Should rare complications from vaccines prompt compensation?
Angela Mulholland, CTVNews.ca
Published Monday, June 23, 2014 7:13PM EDT
Last Updated Monday, June 23, 2014 10:25PM EDT
Vaccines are extremely safe and protect against a host of diseases. But of the millions of Canadians vaccinated each year, a small handful develop serious complications, such as Guillain-Barré syndrome.
Now some patients and doctors are calling for compensation for those affected, and an online petition is asking for more support.
Like millions of Canadians, Calgary resident Ron Nielsen, 57, got an annual flu shot this past winter. Within days, though, he became ill with Guillain‐Barre syndrome, an autoimmune illness that can cause weakness or paralysis in the arms and legs.
Neilsen says he experienced paralysis in his face and while he could feel everything below his waist, he couldn't move his legs.
"I could not even sit up, I was like a two-month-old baby. I just had no strength at all. It was very scary," he remembers.
Months later, he still walks with a cane and can no longer work as a carpenter. Nielsen says he was just doing as he was told when he got the vaccine and was surprised to learn that GBS can be a very rare side effect of the flu vaccine.
"I didn't ask for this shot. I was told to get it. I got the shot and this is what happened. That is so unfair. I am so angry right now," he says.
Victoria, B.C. resident Bob Martin is a personal trainer who also ended up in intensive care after his flu shot three years ago.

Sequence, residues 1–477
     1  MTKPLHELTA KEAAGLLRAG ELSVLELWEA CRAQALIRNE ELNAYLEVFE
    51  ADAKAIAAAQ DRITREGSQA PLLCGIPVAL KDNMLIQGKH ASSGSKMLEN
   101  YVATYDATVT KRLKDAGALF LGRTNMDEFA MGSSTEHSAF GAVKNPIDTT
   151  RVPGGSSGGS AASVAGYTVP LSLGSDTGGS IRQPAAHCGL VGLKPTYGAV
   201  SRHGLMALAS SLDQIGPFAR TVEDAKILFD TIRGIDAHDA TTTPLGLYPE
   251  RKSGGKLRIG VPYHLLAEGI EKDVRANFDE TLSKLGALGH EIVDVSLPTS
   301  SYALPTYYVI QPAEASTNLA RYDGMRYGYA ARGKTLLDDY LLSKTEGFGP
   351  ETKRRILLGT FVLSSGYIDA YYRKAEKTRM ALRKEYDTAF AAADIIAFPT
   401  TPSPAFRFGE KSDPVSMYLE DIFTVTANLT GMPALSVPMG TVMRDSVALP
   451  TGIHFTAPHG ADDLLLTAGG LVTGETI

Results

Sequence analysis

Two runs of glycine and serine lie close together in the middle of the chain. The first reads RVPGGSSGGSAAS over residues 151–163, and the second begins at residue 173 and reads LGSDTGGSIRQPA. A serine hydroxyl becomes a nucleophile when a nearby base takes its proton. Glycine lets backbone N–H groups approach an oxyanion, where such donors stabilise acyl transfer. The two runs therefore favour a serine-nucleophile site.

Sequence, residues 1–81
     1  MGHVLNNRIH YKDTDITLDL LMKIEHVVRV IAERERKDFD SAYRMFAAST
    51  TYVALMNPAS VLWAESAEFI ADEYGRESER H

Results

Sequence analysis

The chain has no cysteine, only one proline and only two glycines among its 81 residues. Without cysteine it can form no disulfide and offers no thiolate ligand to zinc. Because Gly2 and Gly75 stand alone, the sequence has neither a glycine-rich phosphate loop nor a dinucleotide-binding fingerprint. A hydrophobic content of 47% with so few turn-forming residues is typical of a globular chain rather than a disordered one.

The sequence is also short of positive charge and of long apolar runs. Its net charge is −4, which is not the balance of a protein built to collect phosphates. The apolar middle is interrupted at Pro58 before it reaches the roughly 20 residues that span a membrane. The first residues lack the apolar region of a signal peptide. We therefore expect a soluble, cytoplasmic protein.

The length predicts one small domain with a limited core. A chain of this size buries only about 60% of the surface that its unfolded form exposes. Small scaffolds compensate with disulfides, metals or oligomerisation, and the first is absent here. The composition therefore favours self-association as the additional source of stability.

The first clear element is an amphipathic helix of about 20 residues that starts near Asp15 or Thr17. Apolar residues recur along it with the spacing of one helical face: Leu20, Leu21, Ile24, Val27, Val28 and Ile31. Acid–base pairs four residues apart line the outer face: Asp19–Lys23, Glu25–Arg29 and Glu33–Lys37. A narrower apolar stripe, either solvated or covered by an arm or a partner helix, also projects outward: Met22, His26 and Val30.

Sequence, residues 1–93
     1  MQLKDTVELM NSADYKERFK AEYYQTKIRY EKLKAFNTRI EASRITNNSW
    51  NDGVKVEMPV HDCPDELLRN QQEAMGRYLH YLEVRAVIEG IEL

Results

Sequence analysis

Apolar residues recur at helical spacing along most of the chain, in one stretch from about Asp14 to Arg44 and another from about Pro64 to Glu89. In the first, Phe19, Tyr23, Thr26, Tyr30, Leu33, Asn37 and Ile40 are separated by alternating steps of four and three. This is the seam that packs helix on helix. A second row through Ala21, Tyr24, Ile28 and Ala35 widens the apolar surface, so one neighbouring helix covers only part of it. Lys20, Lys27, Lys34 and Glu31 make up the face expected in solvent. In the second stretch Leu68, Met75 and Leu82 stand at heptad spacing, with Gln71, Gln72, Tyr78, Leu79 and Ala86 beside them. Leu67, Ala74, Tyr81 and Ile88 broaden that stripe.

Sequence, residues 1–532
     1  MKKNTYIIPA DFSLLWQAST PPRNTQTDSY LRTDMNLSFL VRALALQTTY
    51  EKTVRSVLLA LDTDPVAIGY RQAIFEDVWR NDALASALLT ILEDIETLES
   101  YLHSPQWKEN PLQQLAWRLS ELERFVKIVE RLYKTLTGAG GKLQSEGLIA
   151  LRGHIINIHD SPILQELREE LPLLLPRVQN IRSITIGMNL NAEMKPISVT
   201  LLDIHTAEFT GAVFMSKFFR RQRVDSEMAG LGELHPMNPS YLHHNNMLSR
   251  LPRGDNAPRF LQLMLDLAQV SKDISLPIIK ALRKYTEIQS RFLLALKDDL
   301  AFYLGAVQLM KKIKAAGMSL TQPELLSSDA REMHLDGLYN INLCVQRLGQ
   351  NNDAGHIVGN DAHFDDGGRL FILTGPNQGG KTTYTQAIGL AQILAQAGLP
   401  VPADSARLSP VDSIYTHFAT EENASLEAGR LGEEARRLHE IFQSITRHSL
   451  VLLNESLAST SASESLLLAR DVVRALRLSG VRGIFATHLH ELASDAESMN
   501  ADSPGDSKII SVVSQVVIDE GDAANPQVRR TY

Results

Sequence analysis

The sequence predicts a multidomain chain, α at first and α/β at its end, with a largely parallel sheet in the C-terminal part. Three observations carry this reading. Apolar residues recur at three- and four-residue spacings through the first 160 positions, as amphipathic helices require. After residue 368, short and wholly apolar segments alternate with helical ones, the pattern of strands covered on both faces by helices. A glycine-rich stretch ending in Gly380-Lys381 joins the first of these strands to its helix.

"The next thing I was in a wheelchair. I couldn't walk. I was then into a bed. As you are laying there over six or seven days, your mind is in fear," he says.
While he's about 80 per cent better now -- three years later -- he still has trouble with his feet and his balance.
The flu shot protects thousands of Canadians from hospitalization and death from the flu. But it's estimated that one in a million people who get the vaccine also suffer from GBS. No one knows why some people develop the condition, but it's considered a very rare complication.
Health Canada says GBS has several possible causes and may arise after a vaccination or without any identified cause at all. They also note that GBS is much more likely to occur after an infection with the flu itself, rather than after the flu vaccine.
Martin says vaccines prevent a lot of illness, but he says Ottawa should start helping the few who are harmed by following the advice of public health experts.
"What we need in Canada is a no-fault compensation program to compensate people, whoever they are, who are injured from any and all vaccine," he says.
Quebec has a program that compensates those who have been injured by vaccines. So does the U.S. along with 18 other countries. Martin has now started an online petition calling on the federal government to create a national program as well.
With some provinces now moving to mandatory flu shots for health care workers, the issue of compensating those who become injured may become all the more critical.
Vaccination advocate Dr. Kumanan Wilson, who researches public health policy with the Ottawa Hospital Research Institute, says Canada needs a national compensation program.
"The vaccines are proven to be safe and some individuals unfortunately react poorly to them and can have these reactions," he says. "It happens very rarely but if it does happen, these people are affected."
With a report from CTV medical specialist Avis Favaro and producer Elizabeth St. Philip